Without my presence, the selective information they received about westerners would not have been countered. Their stereotypes would not have been challenged. They would have continued to disdain all westerners and the Christian faith. Since Jesus had led me there, they had the opportunity to see that followers of Jesus did not match the negative stereotypes. They could tangibly experience the presence of God in my life, and see fruits that distinctively accompany that Presence and are universally fragrant.
In writing this I do not want to give the impression that the mistreatment didn’t faze me. There were times that I would get angry. However, at these times the Spirit would encourage me to pray for help and to forgive the culprits. As I responded, God would calm me and fortify me. His love would assist me to look past the insults and see people being human.
Looking past the ill treatment enabled me to stay there. Being there gave me opportunities to interact with those naturally inclined to disdain me. This interaction was vital. They were impacted by it; and, I was also impacted.
Through the interaction people brought me into their lives. They showed me the heartache that so many of them carried. Almost everyone I met had immense heartache. When I saw their pain, the words of Ecclesiastes became alive:
I saw all the oppressions that are practiced under the sun. Look, the tears of the oppressed—they have no one to comfort them! On the side of their oppressors there was power—and they have no one to comfort them (4:1).
The writer of Ecclesiastes, Qoheleth, noticed that even though the oppressors had the power to inflict pain on others, they themselves had no power to stop or diminish their own pain. He noticed that everyone had pain and no one had comfort. This insight led Qoheleth to despair even of life. He wrote:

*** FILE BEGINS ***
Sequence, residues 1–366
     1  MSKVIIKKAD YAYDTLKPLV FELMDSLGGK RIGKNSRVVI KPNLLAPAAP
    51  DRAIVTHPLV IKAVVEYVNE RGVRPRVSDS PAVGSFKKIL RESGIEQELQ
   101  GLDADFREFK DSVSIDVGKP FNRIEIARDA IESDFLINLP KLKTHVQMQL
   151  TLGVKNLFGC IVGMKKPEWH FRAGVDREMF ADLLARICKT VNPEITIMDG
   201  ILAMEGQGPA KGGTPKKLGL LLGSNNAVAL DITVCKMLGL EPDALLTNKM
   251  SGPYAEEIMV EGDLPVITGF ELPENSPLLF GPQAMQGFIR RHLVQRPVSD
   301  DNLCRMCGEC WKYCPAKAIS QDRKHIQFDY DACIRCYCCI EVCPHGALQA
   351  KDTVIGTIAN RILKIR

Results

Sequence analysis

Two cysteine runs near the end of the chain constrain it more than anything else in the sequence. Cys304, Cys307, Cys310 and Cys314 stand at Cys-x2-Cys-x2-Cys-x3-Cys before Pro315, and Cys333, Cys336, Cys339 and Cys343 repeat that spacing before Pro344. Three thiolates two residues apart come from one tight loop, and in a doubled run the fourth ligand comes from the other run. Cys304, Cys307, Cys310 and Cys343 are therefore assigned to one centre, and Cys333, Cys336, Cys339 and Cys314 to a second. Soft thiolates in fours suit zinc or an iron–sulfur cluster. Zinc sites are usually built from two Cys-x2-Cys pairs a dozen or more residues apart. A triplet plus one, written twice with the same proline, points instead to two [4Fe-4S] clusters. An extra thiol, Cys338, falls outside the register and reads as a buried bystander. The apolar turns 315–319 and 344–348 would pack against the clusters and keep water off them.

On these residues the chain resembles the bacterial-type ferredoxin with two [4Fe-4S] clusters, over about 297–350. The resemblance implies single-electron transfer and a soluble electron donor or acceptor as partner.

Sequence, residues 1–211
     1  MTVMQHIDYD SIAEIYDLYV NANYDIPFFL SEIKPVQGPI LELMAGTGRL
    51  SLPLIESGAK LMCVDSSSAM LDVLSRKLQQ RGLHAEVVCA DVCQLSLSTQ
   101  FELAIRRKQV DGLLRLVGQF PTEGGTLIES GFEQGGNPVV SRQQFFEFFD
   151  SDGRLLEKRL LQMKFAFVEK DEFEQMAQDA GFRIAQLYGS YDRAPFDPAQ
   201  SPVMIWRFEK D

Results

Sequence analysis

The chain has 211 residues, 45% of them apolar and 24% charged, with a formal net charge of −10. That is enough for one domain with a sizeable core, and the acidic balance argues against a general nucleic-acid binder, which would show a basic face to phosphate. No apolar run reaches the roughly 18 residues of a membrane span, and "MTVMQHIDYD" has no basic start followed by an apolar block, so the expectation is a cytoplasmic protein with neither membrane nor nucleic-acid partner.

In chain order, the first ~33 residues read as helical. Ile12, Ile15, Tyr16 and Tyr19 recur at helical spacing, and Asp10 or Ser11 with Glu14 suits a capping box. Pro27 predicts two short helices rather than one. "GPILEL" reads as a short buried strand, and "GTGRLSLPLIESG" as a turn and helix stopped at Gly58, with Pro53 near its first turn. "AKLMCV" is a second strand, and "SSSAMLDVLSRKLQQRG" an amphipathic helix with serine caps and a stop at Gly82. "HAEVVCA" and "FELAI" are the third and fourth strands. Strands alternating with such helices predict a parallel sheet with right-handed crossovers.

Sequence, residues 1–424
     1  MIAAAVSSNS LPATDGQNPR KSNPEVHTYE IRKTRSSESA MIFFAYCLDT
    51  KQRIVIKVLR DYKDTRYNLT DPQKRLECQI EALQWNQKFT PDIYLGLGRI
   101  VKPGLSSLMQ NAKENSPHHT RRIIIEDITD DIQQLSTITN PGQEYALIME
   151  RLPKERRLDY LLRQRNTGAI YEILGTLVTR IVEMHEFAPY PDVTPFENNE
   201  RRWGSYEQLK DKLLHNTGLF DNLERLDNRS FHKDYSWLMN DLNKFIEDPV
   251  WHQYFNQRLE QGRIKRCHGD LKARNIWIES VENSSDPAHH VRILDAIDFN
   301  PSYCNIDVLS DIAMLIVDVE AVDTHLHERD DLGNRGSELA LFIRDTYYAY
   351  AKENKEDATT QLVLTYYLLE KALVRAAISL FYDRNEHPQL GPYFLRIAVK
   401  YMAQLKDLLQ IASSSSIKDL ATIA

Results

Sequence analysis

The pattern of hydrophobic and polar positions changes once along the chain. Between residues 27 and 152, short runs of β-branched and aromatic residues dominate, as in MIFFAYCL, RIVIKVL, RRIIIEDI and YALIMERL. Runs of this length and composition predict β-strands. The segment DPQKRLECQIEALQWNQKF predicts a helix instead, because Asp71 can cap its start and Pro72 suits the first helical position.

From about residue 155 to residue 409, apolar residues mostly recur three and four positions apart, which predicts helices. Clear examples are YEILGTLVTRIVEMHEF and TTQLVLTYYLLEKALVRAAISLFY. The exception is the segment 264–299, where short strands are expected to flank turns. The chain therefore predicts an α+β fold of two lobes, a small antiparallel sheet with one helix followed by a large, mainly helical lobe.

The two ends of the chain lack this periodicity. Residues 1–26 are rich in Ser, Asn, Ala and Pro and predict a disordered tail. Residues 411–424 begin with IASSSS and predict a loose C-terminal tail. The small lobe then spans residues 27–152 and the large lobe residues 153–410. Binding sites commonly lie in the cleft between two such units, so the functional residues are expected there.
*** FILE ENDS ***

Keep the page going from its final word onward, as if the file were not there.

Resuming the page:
And I thought the dead, who have already died, more fortunate than the living, who are still alive; but better than both is the one who has not yet been, and has not seen the evil deeds that are done under the sun (4:2-3 NRSV).
In contrast, when God’s love enters and shapes our hearts, we don’t share Qoheleth’s depressing perspective. This is because God’s love is unconditional, and it is impartial. God cares equally for those who oppress as well as those who are oppressed. And words are not adequate to convey this truth; it can only be perceived through a person willing to absorb oppression and not turn away, just as Jesus did.
In addition, God’s love is hope-filled. Paul describes God’s love in this way in 1 Corinthians 13:7: Love bears all things, believes all things, hopes all things, endures all things. God is constantly moving forward in hope. He knows better than we that the conditions of people’s lives and their resistance to his Christ are not fixed in stone; change is possible. And God draws us into having his hope-filled perspective. Paul also tells us that God’s love is able to endure all things. Since he can endure all things, he makes us able to endure them as well. Even though we intensely sense our weakness, he gives us the power we need to patiently endure things with joy.
So, those of us who believe in Jesus are a walking bundle of potential to endure hostility and abuse. We just need practice. We can look past the affronts we receive because God is within us, giving us what we need to patiently endure what we experience with joy and thanksgiving. And we find Paul’s prayer for us in Colossians 1:11-12 actualized:
May you be made strong with all the strength that comes from his glorious power, and may you be prepared to endure everything with patience, while joyfully giving thanks to the Father.